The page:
KELLER'S TAKE KELLER'S POLL: I want to know what you think of the term "sports entertainer"
Nov 5, 2013 - 3:57:48 PM
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I want to know if the term "sports entertainer" bugs you as much as it bugs me. I don't want my opinion to affect how you vote in the poll I created below. I just want to know if this is a "pet peeve" of mine that few people share with me, or if WWE really is irritating most ardent fans. I think I'd rather listen to someone scrape their fork on a ceramic plate while rubbing their finger nails on a chalk board than listen to JBL - someone who knows wrestling's history and doesn't have a complex about being part of the legacy of the "pro wrestling industry" - use WWE's Orwellean Dictionary trying to redefine what they are.
I could live with an alternative term to "pro wrestler" if it made sense and sounded okay. I'm not sure what that alternative would be, but I am quite sure calling someone a "sports entertainer" is awful, awful, awful to my ears. The term "entertainer" just "takes me out of the moment" when I'm trying to get into the world WWE presents to me of these great athletes engaging in simulated combat, trying to make it as realistic looking as possible. When JBL says Randy Orton is the image of what you'd design if you were to build the ideal "sports entertainer" from scratch, I just shake my head.
When Orton is on TV playing the role of a fighter trying to win matches, he is NOT AN ENTERTAINER. Orton can be called an "entertainer" when he's being writtenn about in a magazine article about WWE. Orton can be called an entertainer if he's on a talk show. But on WWE TV, Orton is in character as a fighter, and his goal is to win matches, not "entertain fans" or be "an entertainer." How would you react if characters on TV shows referred to themselves as "comedy actors" or "drama actors" instead of by their characters and the roles they play (doctor, lawyer, coffee shop worker, stay at home parent, etc.)? It'd totally take you out of the moment.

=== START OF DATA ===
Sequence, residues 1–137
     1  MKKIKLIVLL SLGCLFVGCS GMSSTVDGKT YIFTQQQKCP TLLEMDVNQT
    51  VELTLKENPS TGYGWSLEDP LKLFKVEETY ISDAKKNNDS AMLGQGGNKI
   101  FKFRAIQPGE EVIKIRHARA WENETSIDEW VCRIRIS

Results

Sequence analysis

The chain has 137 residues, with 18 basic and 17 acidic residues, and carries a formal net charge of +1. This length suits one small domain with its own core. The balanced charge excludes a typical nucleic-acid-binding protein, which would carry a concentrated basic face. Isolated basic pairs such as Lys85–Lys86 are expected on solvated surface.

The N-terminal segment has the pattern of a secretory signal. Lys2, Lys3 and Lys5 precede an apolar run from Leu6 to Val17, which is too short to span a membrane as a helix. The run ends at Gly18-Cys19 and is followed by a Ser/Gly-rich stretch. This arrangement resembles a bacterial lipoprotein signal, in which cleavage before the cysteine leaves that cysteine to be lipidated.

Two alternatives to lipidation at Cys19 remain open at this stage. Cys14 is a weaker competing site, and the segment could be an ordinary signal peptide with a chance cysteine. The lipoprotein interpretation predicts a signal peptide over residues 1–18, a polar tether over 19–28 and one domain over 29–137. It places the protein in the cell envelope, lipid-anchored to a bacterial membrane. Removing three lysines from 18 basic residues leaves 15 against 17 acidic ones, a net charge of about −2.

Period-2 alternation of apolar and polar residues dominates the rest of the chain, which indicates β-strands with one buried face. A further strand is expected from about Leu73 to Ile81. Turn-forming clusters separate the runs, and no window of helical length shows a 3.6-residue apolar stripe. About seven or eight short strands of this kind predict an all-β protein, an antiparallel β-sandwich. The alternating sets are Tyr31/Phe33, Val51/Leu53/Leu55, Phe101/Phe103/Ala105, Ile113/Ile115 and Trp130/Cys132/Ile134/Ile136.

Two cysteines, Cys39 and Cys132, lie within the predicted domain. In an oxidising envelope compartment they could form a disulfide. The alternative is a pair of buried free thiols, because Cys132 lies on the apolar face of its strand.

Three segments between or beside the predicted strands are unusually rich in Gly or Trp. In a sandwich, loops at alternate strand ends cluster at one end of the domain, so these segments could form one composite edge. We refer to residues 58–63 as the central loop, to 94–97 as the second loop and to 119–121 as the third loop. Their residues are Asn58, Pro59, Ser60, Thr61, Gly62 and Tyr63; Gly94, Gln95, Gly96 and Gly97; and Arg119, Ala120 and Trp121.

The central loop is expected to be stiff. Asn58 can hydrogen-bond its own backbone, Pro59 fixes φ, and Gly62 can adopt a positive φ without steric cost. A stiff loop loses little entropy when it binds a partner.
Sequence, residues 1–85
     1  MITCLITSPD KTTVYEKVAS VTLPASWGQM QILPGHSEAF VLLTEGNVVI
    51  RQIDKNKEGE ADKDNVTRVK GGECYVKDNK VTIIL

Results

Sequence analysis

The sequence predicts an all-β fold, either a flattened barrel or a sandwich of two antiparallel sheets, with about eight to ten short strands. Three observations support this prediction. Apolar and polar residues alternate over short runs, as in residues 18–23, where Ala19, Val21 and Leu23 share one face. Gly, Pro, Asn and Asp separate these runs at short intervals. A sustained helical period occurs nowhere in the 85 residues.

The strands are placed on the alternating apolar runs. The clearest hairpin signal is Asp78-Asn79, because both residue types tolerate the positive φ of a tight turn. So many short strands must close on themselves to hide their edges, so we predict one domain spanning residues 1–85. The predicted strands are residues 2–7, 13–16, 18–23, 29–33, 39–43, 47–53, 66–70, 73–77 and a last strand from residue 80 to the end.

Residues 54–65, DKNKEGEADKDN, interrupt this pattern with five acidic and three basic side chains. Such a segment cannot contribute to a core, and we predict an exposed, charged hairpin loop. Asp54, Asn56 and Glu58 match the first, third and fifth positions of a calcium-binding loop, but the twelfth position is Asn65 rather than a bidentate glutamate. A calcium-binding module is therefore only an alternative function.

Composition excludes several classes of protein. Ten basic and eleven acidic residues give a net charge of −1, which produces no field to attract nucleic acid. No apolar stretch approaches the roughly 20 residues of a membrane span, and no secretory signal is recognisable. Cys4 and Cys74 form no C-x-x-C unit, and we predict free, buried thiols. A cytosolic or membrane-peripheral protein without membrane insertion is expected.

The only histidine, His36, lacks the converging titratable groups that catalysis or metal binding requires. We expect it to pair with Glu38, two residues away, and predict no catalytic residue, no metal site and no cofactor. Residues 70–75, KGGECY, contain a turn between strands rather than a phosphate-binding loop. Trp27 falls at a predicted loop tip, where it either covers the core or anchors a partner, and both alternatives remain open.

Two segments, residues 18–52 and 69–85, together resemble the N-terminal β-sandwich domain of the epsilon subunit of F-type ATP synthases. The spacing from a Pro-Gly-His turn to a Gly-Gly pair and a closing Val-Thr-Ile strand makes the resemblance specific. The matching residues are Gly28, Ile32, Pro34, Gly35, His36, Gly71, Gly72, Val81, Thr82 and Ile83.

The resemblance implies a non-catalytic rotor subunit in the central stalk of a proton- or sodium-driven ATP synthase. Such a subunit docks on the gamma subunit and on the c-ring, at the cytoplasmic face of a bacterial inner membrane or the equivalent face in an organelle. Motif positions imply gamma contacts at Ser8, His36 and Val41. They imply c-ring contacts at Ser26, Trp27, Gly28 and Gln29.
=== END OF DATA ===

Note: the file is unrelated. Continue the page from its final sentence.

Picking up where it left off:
To take it to the extreme, the "ring announcer" could be re-dubbed "introduction entertainer." The play-by-play announcer could be redubbed the "sports entertainment TV show narrator." The wrestling ring could be rebubbed "the sports entertainment performance platform." Where does it stop?
I get that the McMahon family are trying to reframe the business they're in as an attempt to appeal to advertisers and network executivers who they assume consider "pro wrestling" something shameful and embarrassing to be associated with, but that can be done without, in the context of the wrestling show, referriing to the people who are wrestling for money (i.e. professional wrestlers) as some clunky awful term that's the equivalent of someone, in the midst of a movie, whispering in your ear "you know these are actors reading a script, and the only reason this movie was made was so people involved in the movie-making could make money and none of this is genuine or real and you're a big mark for even allowing yourself to get wrapped up in the story being told."
Pro wrestling succeeds as a genre and as a formula when fans are absorbed in the product as much as possible, with as few reminers that it's all a "performance" to "entertain us" with the end-goal being to "make as much money as possible for the McMahons." Yet, more and more over the years, Raw has become in great part a story about the McMahons trying to make money by presentinig "sports entertainers" in "compelling storylines" to try to "entertain the Universe." It pulls us out of the moment needlessly. As much as wrestlers try to make their matches as real as possible to draw us into believing, at least for a few minutes, that what we're watching is a genuine dispute or rivalry being settled in a wrestling ring between two fighters, the McMahons' odd insecurity with being in the pro wrestling industry and obsession with redefining their business actually is undercutting their bottom line by taking viewers out of the moment and making it nearly impossible to fully get absorbed in the story the wrestlers are trying to tell.
Okay, so you know how I feel. How do you feel? Vote below...
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